Blockchain-based smart contracts represent a shift towards an automated world. While their immutable and self-executing nature present numerous economic benefits, these characteristics give rise to issues. One of these issues is that the burden of issuing proceedings changes from a party looking to enforce the agreement to a party who wishes to relieve themselves of an automatic enforcement mechanism. The ‘practical burden’, as the paper terms it, could potentially be most problematic in a consumer context, which is characterised by a significant imbalance between contracting parties. The paper assesses consumer law in New Zealand to determine whether this issue will arise under the current law. The paper concludes that New Zealand’s current consumer law is practically robust, however it recommends some practical measures that can be taken by the Commerce Commission in order to prepare for smart contracts as a dominant method of transferring property.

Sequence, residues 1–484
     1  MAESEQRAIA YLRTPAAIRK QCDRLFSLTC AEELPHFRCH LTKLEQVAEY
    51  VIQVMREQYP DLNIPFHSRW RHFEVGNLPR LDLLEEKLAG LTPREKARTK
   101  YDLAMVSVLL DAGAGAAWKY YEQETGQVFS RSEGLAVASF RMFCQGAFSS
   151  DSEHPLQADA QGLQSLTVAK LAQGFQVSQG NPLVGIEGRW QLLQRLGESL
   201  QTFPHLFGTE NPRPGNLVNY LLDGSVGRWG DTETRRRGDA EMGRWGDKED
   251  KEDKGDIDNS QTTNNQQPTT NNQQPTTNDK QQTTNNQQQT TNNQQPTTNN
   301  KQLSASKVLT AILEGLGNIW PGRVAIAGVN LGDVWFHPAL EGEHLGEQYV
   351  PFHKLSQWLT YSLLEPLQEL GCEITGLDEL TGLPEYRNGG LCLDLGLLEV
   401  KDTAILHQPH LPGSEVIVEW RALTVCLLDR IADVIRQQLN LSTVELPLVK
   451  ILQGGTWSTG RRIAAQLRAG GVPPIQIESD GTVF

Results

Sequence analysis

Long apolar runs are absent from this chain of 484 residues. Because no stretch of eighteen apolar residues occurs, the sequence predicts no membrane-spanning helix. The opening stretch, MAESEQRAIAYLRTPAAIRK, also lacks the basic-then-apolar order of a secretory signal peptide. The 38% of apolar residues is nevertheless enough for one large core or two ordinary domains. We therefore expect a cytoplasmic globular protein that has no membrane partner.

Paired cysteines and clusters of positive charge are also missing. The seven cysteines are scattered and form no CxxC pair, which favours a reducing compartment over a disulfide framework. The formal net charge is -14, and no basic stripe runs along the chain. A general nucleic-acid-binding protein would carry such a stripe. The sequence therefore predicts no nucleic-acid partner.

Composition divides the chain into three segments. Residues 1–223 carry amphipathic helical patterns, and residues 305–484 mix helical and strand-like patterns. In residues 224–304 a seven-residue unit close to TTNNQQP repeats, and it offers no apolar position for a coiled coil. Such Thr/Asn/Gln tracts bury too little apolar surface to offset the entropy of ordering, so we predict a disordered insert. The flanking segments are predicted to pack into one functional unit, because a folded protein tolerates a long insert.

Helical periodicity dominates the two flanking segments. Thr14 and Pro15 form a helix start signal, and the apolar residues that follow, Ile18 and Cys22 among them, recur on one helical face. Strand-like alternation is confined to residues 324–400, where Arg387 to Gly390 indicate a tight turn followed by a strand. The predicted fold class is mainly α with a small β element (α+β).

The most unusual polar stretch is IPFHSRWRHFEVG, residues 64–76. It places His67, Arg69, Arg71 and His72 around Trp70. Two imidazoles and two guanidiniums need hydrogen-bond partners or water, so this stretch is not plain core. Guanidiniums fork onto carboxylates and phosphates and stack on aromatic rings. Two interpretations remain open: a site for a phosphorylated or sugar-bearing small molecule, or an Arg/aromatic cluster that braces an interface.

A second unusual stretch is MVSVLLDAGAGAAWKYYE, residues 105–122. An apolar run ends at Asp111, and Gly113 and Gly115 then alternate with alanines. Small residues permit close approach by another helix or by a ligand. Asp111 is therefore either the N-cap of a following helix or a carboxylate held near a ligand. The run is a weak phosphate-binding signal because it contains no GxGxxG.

Ingle, Laurence, Smart Contracts in Consumer Law: Does New Zealand Need to Wise Up? (October 9, 2019). Victoria University of Wellington Legal Research Paper, Student/Alumni Paper No 23/2019.